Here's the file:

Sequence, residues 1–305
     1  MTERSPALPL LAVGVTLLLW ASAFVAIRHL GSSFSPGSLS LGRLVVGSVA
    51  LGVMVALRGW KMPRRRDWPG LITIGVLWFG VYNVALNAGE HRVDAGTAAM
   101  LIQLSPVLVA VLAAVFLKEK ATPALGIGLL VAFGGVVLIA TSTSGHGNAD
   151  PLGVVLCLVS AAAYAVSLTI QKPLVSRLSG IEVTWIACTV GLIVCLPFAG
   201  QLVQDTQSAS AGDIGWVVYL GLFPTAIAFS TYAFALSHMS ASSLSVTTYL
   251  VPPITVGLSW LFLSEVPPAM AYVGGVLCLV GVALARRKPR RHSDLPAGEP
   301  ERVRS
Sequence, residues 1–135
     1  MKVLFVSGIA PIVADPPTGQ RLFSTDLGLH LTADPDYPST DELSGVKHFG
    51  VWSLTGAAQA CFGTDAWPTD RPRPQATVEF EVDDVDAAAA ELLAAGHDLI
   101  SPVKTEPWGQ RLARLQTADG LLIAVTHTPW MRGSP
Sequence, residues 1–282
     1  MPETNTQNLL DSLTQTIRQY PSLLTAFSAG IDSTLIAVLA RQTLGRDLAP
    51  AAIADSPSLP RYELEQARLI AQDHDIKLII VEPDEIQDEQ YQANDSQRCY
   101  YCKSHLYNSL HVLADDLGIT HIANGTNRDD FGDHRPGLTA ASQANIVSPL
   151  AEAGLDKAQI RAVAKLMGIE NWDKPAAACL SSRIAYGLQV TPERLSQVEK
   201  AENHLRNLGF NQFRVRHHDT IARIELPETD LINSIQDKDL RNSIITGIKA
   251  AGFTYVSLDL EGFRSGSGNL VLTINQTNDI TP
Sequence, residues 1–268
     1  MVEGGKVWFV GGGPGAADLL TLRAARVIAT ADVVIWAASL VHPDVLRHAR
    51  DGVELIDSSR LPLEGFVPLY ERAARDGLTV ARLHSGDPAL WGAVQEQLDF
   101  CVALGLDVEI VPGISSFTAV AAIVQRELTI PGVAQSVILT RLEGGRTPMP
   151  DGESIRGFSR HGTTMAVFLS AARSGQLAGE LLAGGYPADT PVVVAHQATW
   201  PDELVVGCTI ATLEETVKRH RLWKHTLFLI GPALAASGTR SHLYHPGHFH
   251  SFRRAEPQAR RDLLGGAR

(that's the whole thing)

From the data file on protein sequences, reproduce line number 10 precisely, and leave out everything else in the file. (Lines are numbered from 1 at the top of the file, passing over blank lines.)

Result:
     1  MKVLFVSGIA PIVADPPTGQ RLFSTDLGLH LTADPDYPST DELSGVKHFG